This week! Books!
Twilight is back! Stephenie Meyer revealed that there will indeed be a new Twilight novel on August 4, Midnight Sun, which will retell the series from vampire Edward Cullen’s perspective. I for one am quite curious how he felt attending high school when he was over one hundred years old.
Apple is making moves in the self-publishing realm and launched Apple Books for Authors, which includes access for PC users. David Gaughran has a great roundup on what this means for self-publishers.
As you know I’m big big big on making sure you know your protagonist’s motivations, and over at DIYMFA, Sara Letourneau has a solid post on motivation and how it intersects with the inciting incident. (Here’s my advice on motivation and inciting incidents).
A great reminder from Dan Blank for people wondering about whether their voice matters in this time: Don’t give away your creative power.
And while it feels like this time is without precedent, humanity has obviously been through this before. The Guardian took a look at what plague literature tells us about our future.
This week in bestsellers
Here are the top five NY Times bestsellers in a few key categories. (All links are affiliate links):
Adult print and e-book fiction:
- Camino Winds by John Grisham
- If It Bleeds by Stephen King
- Little Fires Everywhere by Celeste Ng
- Where the Crawdads Sing by Delia Owens
- Walk the Wire by David Baldacci
Adult print and e-book nonfiction:
- Untamed by Glennon Doyle
- The Splendid and the Vile by Erik Larson
- Hidden Valley Road by Robert Kolker
- Educated by Tara Westover
- The Great Influenza by John M. Barry
Young adult hardcover:
- One of Us is Lying by Karen M. McManus
- Chain of Gold by Cassandra Clare
- Five Feet Apart by Rachael Lippincott with Mikki Daughtry and Tobias Iaconis
- The Hate U Give by Angie Thomas
- The Children of Virtue and Vengeance by Tomi Adeyemi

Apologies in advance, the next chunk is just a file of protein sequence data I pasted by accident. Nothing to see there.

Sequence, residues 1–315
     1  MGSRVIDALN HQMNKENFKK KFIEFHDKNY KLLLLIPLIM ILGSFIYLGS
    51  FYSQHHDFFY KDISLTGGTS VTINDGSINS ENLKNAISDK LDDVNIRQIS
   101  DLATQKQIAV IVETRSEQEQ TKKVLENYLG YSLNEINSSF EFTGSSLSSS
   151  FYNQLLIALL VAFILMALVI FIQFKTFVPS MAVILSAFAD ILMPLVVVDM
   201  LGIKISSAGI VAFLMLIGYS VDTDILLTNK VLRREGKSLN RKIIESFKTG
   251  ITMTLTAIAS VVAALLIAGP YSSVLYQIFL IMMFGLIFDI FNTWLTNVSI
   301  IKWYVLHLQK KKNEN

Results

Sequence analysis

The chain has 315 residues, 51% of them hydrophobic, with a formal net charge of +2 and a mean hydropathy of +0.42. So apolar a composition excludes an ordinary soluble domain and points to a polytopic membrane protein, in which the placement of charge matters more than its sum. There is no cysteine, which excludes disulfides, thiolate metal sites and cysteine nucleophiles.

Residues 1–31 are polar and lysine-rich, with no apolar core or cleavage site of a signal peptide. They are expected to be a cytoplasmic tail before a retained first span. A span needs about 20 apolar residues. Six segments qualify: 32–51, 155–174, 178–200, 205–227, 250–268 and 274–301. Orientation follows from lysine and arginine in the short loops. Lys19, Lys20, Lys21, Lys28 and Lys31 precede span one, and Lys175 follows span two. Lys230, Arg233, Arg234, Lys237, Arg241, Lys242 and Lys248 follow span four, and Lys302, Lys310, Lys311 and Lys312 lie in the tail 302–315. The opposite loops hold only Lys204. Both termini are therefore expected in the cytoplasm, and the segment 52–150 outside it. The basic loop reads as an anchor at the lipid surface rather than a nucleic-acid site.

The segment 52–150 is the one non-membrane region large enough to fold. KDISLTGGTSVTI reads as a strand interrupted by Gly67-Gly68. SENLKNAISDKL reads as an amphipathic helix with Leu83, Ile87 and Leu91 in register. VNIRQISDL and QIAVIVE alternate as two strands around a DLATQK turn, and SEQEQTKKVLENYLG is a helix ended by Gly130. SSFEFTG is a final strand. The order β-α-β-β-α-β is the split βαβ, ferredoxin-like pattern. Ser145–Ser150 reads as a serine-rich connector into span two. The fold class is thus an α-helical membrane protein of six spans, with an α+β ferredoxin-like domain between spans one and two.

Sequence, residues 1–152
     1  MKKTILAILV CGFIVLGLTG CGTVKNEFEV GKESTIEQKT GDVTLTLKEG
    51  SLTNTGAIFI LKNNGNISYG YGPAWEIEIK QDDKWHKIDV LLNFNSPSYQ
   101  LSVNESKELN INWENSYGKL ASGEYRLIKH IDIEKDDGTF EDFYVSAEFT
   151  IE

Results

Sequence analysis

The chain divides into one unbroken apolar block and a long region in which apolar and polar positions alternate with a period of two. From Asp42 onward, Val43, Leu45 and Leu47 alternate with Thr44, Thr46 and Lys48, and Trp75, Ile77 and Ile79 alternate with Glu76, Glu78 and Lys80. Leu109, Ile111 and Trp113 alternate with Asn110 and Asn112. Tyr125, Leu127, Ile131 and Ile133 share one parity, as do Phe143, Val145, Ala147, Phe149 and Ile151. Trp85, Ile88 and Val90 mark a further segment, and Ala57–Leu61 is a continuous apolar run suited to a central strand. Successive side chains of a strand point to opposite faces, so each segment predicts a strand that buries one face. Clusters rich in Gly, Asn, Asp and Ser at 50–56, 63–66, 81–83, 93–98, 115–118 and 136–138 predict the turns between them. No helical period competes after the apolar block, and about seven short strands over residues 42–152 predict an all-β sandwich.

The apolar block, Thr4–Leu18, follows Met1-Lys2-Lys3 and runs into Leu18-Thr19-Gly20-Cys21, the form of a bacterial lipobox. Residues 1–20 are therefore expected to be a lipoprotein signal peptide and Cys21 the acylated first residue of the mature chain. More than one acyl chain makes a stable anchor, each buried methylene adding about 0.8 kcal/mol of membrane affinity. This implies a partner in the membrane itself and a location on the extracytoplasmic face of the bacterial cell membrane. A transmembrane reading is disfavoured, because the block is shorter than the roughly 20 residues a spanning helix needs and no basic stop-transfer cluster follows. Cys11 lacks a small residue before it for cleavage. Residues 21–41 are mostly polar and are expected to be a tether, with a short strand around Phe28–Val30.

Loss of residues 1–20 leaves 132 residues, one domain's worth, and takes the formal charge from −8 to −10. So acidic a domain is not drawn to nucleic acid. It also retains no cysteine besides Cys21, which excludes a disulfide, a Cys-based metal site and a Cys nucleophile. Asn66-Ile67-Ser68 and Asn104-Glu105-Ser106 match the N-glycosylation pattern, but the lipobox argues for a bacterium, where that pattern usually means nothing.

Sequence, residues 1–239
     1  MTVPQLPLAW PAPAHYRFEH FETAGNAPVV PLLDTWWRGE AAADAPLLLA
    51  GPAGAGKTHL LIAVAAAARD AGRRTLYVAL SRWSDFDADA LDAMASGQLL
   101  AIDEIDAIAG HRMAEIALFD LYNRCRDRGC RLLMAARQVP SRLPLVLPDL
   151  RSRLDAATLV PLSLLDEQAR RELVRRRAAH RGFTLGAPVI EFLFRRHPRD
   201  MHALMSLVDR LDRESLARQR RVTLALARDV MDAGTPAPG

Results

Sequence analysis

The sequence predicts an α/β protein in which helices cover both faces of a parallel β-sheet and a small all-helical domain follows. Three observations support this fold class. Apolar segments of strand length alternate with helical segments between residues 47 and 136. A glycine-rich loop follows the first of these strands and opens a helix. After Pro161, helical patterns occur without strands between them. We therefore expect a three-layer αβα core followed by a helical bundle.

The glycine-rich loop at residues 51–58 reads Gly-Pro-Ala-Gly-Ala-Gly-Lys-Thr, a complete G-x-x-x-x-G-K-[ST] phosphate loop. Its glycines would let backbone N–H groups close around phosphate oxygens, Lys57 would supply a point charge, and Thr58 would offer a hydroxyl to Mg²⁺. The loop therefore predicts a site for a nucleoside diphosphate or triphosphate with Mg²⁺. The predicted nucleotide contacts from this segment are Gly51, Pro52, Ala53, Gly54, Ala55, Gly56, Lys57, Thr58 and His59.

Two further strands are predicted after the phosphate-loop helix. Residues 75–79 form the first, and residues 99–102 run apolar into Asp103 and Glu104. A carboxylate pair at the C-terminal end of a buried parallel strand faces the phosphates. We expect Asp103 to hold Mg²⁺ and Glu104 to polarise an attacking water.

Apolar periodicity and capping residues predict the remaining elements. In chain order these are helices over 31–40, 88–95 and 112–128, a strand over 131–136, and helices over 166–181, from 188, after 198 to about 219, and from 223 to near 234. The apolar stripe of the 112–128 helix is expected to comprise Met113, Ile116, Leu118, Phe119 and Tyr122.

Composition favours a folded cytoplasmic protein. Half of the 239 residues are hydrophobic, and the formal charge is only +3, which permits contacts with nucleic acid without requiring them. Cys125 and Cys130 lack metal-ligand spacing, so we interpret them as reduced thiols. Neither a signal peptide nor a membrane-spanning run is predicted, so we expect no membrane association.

Middle grade hardcover:
- The Complete Cookbook for Young Chefs by America’s Test Kitchen Kids
- Wonder by R.J Palacio
- The Complete Baking Book for Young Chefs by America’s Test Kitchen Kids
- Diary of an Awesome Friendly Kid by Jeff Kinney
- Ali Cross by James Patterson
This week on the blog
Don’t forget that you can nominate your first page and query for a free critique on the blog:
In case you missed them, here are this week’s posts:
- Weave exposition naturally into the story
- Give your protagonist a mini-quest before the main plot kicks off
- Be careful starting a novel with dialogue (page critique)
And keep up with the discussion in all the places!
Comment! of! the! week! goes to Ken Hughes (again!) for some follow-up thoughts on weaving exposition into the story:
You mentioned “how unicorns were invented.” A Ready Player One approach would be to explain them only when the character hears “we have to deal with unicorns next,” or even only when they see one. But Harry Potter is famous for making its decidedly whimsical world flow better by making a thing come up separately first. Harry, Ron, and Hermione would have a scene that touched on the history of unicorn-making, and it might be just one clue as they’re trying to solve the next puzzle ahead — or it might be a “random” class, that interests us in itself because it continues whatever interpersonal conflict they’ve got at the moment, and because we know Snape or Malfoy will cause trouble in the middle of it. The whole scene would be there so we’re ready for unicorns later, but at the time it’s just the Next Fun Thing.
Who’s going to knock Ken off his perch for next week?
And finally, a message from Allen Iverson:
Have a great weekend!
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